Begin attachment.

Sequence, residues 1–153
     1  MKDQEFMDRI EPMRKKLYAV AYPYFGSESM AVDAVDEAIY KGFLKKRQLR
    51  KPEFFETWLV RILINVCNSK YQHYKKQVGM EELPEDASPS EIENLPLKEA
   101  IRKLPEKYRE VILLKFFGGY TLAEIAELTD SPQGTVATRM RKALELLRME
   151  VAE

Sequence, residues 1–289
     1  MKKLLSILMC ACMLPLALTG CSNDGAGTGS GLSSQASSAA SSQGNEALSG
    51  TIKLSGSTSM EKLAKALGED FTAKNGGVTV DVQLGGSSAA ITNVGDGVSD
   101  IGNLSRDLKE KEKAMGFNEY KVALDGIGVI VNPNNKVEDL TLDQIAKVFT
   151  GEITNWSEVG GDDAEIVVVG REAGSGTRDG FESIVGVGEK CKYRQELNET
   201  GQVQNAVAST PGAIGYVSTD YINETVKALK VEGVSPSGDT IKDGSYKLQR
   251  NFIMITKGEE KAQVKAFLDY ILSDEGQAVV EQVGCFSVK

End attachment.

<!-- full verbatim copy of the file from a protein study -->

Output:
Sequence, residues 1–153
     1  MKDQEFMDRI EPMRKKLYAV AYPYFGSESM AVDAVDEAIY KGFLKKRQLR
    51  KPEFFETWLV RILINVCNSK YQHYKKQVGM EELPEDASPS EIENLPLKEA
   101  IRKLPEKYRE VILLKFFGGY TLAEIAELTD SPQGTVATRM RKALELLRME
   151  VAE

Sequence, residues 1–289
     1  MKKLLSILMC ACMLPLALTG CSNDGAGTGS GLSSQASSAA SSQGNEALSG
    51  TIKLSGSTSM EKLAKALGED FTAKNGGVTV DVQLGGSSAA ITNVGDGVSD
   101  IGNLSRDLKE KEKAMGFNEY KVALDGIGVI VNPNNKVEDL TLDQIAKVFT
   151  GEITNWSEVG GDDAEIVVVG REAGSGTRDG FESIVGVGEK CKYRQELNET
   201  GQVQNAVAST PGAIGYVSTD YINETVKALK VEGVSPSGDT IKDGSYKLQR
   251  NFIMITKGEE KAQVKAFLDY ILSDEGQAVV EQVGCFSVK